While community-relations programs primarily benefit teams and leagues, a focus on community building can achieve even broader goals.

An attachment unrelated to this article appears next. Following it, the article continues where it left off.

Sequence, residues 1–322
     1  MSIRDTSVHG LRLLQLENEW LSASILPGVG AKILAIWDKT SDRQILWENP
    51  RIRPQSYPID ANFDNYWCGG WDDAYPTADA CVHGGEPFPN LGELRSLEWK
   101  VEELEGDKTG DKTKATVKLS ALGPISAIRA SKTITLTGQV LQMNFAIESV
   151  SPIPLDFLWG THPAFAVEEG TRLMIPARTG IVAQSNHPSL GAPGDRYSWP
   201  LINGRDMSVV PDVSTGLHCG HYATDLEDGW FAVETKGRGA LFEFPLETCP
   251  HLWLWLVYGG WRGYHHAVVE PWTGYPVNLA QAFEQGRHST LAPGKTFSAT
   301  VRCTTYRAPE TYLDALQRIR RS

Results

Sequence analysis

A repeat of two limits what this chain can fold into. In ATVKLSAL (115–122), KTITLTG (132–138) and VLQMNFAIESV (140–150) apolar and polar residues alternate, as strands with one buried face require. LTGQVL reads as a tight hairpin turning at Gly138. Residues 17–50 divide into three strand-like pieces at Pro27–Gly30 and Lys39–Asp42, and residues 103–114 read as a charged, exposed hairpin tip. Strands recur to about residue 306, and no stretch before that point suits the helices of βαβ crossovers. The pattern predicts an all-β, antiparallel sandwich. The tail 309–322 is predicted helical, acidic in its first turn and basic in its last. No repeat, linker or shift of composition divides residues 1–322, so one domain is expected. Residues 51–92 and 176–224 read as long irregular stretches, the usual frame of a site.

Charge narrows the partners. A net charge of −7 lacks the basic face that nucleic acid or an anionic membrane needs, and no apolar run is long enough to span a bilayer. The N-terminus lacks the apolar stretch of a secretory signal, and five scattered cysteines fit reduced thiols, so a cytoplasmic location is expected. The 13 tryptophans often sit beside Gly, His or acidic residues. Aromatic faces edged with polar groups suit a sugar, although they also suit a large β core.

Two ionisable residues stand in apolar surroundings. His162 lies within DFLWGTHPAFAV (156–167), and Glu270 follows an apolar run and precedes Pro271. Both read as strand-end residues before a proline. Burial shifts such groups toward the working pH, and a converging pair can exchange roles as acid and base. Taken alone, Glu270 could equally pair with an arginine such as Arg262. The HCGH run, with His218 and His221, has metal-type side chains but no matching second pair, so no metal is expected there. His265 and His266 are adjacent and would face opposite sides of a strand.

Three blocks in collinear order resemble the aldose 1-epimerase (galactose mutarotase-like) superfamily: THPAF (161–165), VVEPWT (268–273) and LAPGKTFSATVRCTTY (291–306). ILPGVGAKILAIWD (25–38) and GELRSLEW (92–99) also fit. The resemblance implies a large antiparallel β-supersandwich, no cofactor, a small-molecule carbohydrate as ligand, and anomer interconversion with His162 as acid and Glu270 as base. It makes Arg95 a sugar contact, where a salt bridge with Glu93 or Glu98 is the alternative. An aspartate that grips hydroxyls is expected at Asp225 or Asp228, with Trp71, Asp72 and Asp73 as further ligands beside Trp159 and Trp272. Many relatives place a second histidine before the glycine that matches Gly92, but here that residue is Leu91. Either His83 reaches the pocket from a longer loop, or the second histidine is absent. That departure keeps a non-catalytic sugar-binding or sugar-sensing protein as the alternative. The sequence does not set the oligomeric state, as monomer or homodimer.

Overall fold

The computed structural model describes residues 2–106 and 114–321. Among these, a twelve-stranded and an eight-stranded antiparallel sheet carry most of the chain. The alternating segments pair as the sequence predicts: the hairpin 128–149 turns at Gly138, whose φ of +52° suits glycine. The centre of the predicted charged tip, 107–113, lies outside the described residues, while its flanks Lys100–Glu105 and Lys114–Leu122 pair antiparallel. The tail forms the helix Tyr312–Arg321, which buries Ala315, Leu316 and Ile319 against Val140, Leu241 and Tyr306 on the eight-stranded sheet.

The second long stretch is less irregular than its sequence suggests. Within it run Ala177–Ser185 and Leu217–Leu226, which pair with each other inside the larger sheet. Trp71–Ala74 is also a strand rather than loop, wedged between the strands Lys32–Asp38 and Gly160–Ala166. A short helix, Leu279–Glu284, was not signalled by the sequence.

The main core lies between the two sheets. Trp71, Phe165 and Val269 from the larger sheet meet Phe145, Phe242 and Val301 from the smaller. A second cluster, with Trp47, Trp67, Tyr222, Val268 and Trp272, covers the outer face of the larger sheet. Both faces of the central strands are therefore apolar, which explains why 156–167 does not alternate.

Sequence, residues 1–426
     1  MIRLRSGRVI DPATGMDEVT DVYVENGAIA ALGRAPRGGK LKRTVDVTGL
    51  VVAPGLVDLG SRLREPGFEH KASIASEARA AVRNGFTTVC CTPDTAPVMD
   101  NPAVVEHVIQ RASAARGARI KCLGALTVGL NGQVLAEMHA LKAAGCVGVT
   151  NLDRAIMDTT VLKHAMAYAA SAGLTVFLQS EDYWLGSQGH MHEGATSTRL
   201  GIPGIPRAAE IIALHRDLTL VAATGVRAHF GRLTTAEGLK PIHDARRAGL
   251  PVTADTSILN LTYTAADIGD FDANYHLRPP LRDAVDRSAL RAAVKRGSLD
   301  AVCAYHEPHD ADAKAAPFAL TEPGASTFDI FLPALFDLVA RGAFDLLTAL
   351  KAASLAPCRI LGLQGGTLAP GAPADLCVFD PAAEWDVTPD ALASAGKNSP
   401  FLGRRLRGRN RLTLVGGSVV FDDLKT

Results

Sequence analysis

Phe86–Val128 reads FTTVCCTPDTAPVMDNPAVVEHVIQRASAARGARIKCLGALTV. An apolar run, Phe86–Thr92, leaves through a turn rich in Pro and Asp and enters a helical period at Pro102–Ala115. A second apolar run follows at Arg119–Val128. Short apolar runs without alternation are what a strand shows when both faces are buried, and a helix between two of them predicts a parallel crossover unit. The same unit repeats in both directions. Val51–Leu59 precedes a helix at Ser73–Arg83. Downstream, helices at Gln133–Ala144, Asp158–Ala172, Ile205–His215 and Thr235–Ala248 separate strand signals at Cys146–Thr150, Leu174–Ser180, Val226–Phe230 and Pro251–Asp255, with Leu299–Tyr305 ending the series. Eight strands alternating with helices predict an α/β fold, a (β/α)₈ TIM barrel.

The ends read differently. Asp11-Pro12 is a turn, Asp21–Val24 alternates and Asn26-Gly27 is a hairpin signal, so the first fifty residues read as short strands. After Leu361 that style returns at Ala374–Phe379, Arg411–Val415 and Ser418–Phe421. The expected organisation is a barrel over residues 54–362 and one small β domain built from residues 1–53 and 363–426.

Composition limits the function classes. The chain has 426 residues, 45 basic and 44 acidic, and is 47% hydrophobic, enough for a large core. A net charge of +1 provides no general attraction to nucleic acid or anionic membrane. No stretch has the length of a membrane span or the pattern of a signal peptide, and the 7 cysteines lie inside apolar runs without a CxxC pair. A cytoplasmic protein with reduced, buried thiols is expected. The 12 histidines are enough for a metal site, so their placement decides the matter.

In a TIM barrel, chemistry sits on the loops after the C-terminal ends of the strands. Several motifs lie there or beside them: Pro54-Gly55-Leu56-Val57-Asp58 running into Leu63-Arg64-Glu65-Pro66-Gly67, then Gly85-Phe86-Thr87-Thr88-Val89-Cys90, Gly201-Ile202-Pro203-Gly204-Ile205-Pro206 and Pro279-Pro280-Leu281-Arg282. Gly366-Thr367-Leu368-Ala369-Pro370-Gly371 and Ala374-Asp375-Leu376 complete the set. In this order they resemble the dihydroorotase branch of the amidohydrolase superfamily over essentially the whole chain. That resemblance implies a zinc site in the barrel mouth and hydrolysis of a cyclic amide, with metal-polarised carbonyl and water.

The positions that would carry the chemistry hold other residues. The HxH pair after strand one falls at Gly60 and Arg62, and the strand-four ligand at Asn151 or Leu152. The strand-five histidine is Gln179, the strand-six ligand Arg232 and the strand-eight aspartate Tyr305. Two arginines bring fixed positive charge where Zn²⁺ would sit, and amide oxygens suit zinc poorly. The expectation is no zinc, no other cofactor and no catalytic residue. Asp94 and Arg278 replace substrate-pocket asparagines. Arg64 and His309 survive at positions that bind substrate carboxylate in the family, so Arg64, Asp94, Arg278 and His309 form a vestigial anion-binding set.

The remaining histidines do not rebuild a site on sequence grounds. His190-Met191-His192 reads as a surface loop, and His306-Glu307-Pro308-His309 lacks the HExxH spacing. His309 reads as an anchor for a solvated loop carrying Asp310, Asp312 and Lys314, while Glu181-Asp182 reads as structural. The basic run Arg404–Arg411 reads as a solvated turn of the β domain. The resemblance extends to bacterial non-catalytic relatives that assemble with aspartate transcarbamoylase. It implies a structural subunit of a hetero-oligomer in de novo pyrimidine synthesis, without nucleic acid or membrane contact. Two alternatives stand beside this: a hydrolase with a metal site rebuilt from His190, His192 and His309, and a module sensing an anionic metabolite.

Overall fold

Hurricane Katrina triggered a series of floods. The first waves wreaked destruction and death in Louisiana and Mississippi. The second batch of waves were humanitarian, bringing help and a measure of hope. Some of the aid was provided by America's sports teams, leagues and associations. Within days of the disaster, the NCAA and affiliated conferences were assisting affected colleges and universities as they struggled to maintain their athletic department operations. Among the many gestures from the sports world was the launching of "Home Team," a partnership between the NCAA and Habitat for Humanity that netted a $1 million gift from the NCAA's Division II and a $1 million donation from the Southeastern Conference. National Football League-related efforts ranged from the development of a Hurricane Katrina Relief Fund by New Orleans Saints owner Tom Benson to the donation of $100,000 to the relief effort by the spectators, sponsors and teams involved in one Carolina Panthers home football game. This natural disaster offered a small window on an area of growing importance in the sports world - community relations. It also highlighted important distinctions that sport managers and marketers should keep in mind as they develop and administer community-relations programs. Too often, "community relations" becomes a hodgepodge of initiatives lacking clear objectives or attempts to measure impact. In many cases, what passes for "community relations" is little more than a few athletes signing autographs. Such shallow initiatives would have had little lasting appeal to the victims of Hurricane Katrina. What they needed, and deserved, was careful, deliberate and sustained community building, something wholly separate from other components of community relations. Objectives of Community Relations It starts with definitions. Community-relations programs typically utilize player outreach, goodwill and corporate philanthropy to further internal organizational goals such as enhanced public relations or an increase in sales of tickets or licensed merchandise. As Tom Wilson, president of the Detroit Pistons, once said, "If you can show people that the players are committed to the community, you're going to help foster that warm-and-fuzzy feeling that creates fan loyalty." Creating "warm and fuzzy" feelings is fine as far as it goes, but true community-building efforts go much further. Community building by definition focuses on strengthening community assets, which can improve the quality of life for residents, both individually and collectively. In too many community-relations programs, residents of a community are a means to the sports team's ends. Real community-building programs, on the other hand, allow a team to leverage its resources to achieve broader, community-wide goals. While a community-relations program may contain both types of initiatives, it is important to recognize the differences. Building "warm and fuzzy" fan feelings may be more accurately called "community imaging." Any sports program, from the high school level to the major leagues, has a legitimate interest in developing and maintaining a positive community image. At the same time, a growing body of research suggests that American consumers have high expectations that local businesses, sports teams and athletes will support local causes and charities. A carefully developed community-relations program will satisfy both internal and external needs. Assessing Objectives and Impact The first step in determining the balance between community imaging and real community building is to look at objectives and outcome measures. Are the objectives "internal" - that is, focused on organizational success in terms of attendance, merchandise sales, sponsorships and positive publicity? Or are the objectives "external," focused on the needs of the community? The prime determinant in assessing whether a community-relations effort has an internal or external focus is the extent to which objectives or outcomes are clearly defined and measurable. In other words, how will the organization assess the impact of its community-relations program? If the outcome measures only encompass internal goals such as ticket sales, then the program is really about community imaging and not community building. An externally focused program would have clear outcomes that indicate the extent to which the program builds community assets or capital. The Orlando Magic Youth Foundation, for instance, has a clear eye toward measuring outcomes - in its case, the number of kids who the foundation has helped. At the same time, the OMYF is less clear on the specific outcomes of its efforts. The three most obvious categories for building community capital are: Physical capital. This entails building the capacity of physical assets, such as low-income housing, homeless shelters, youth centers, recreation fields and other facilities. This is one of the more popular areas for collegiate teams, which have often partnered with programs like Habitat for Humanity on local projects. As part of its extensive community-service initiatives, the NFL has awarded more than $10 million in grants to help build junior high and high school fields in home cities of league franchises. In these cases, outcomes can be easily measured via the number of homes built, the expansion of field space or the amount of new equipment provided. Human capital. This means enhancing the capacity of individual talents and intellect through initiatives such as reading programs or skills/leadership clinics. An example is the NCAA's "Stay in Bounds" program, which provides training materials and learning guides to student-athletes who then offer character-building education to "adopted" elementary and middle school children. Through role-playing, discussions and mentoring, the collegiate athletes help children grow in their understanding of fair play and sportsmanship. Since its inception in 2000, the program has reached more than 55,000 children. Unfortunately, the NCAA is less clear on the program's outcomes. Children may be excited that a well-known athlete from a local college comes to talk with them about sportsmanship, but does the program have any real impact on building human capital? One assessment might be to work with partnering teachers and coaches, who could monitor samples of children for improvements in their behavior. Similar assessments might work with the many reading programs that athletes offer in "adopted" schools. Do the children show improvement in measurable reading skills? Other measures of human capital building might include the number of certificates awarded, improvement in grades or graduation rates, or reduction in adjudication levels. Social capital. This requires building reciprocal social relationships among and between individuals. In the words of Robert Putnam, author of the best-selling Bowling Alone: The Collapse and Revival of American Community, "social capital refers to connections among individuals - social networks and the norms of reciprocity and trustworthiness that arise from them." Americans have long believed that membership on a sports team builds social capital among teammates. The larger question is whether sports organizations can help build social capital in their communities. One example is the NFL's "Make the Pledge" campaign. The NFL uses its web site to ask fans to commit themselves to give at least 60 minutes of time per year to community service. As Commissioner Paul Tagliabue says, "Our message is clear: All of us can make a difference. You don't have to be a famous football player. You don't need a lot of money, or a lot of time. All you need is a willingness to help others." In this case, since the NFL gathers the e-mail addresses of such volunteers, they might follow up with surveys to measure how much social capital the program actually generates. Assessing Commitment One hundred thousand NFL fans committing one hour of service might yield a significant payoff in community building. But what if they all committed to five additional hours, for at least five additional years? As noted, too many community-imaging events are short-term and small-time. Real community impact requires longer and larger commitments of time and resources. As one Major League Baseball executive put it, "We're focused on long-term partnerships rather than one-offs. We want to partner with national charities that have a local impact." In this case, it is also clear that long-term investments and relationships have the most positive "image" results for the sports team or league. Successful long-term investments in community causes can create strong brand associations. One need only consider the NFL and the United Way, or the Boston Red Sox and the Jimmy Fund, to see the impact of long-term community-building initiatives. For collegiate programs, this means careful selection of schools, soup kitchens and other agencies that can be partners for many years, not just for one season. Student-athlete advisory committees would be wiser to choose fewer initiatives to which all teams can commit over time. Rather than have six teams provide a one-time reading program to six different schools, why not have the six teams focus on one school in repeated visits? Community "imaging" often requires wide exposure. Community building requires focused attention over time. Time is only one commitment; the other is resources. Since its birth in 1988, the Orlando Magic Youth Foundation has raised and distributed more than $12 million to nonprofits that share the foundation's mission statement, which is to help "every child in Central Florida realize their full potential, especially those most at risk, by supporting programs and partnerships that empower families and change lives." Similarly, the Professional Golf Association is expected to exceed $1 billion in charitable donations since its fundraising efforts began in 1938. PGA Commissioner Tom Finchem has stated that, "What this represents is that slowly but surely, charitable giving is more than something we do. It's part of our culture. It's what the players think about, the staff thinks about and the tournaments think about." Most sports teams could not hope to raise that kind of money. Their athletes, coaches and staff can offer time and talent, but community building often requires additional resources. This is where team sponsors may lend a hand. Teams and sponsors should expand their relationships to include joint community-building projects. Recent studies on cause-related marketing demonstrate that consumers expect corporations to do more than make profits for shareholders, and they also expect sports teams to do more than sell corporate signage. One recent MediaLab survey of 13,200 people in 20 countries found that 50 percent believed sports properties and TV programs were far too heavily sponsored, but only 25 percent believed the same about "causes." This suggests that while traditional marketing outlets have become increasingly cluttered, there is an opportunity for sports organizations and corporate sponsors to develop triangular partnerships with local causes, to everyone's advantage. Examples might include a sports organization partnering with a home supplies dealer to assist Habitat for Humanity, or an office supplies firm providing materials that help teams working in school programs. For college athletics programs, this especially means developing links between marketing/sponsorship administrators and the NCAA CHAMPS/Life Skills coordinator on campus or the student-athlete advisory committee. It's all about finding and nurturing logical linkages. One of the best-run corporate linkage programs belongs to Boston's Jimmy Fund, which raises awareness and money for cancer research. As seen on its web site, the Jimmy Fund offers an extended menu of opportunities for corporate partnerships. Beyond 'Warm and Fuzzy' If a sports organization - team, league or conference - is serious about community building, then its goals, objectives and outcomes should be somehow worked into its vision statement, mission statement and strategic plan. Otherwise, community building will be marginalized. Colleges might consider including community building in the expectations for all coaches, just as professional teams require their athletes to participate in community relations. High school and college programs need to consider making community building a part of every team's activities, even in lieu of practice and conditioning. That may seem utopian, but there is no reason that a well-constructed community project cannot also build team unity (as well as give players a good change of pace). One small pilot program between University of New Hampshire students, local high school athletes and two local causes found that a sacrifice of practice time for community building yielded several positive benefits. (See "No Practice Makes Perfect," left.) Hurricane Katrina reminded us that sports organizations are expected to be true community partners, as well as good neighbors. The resources that sports organizations can devote to these efforts do not always have to be fiscal. Commitments to community building are long-term investments in time, effort and resources. Community-relations programs that focus on community building demonstrate value by creating strong brand associations between the sports organization and its partners. In the short term, this helps achieve marketing goals. The long-term result means that communities are strengthened and transformed - a far cry from the "warm and fuzzy" goals of the traditional community-imaging program.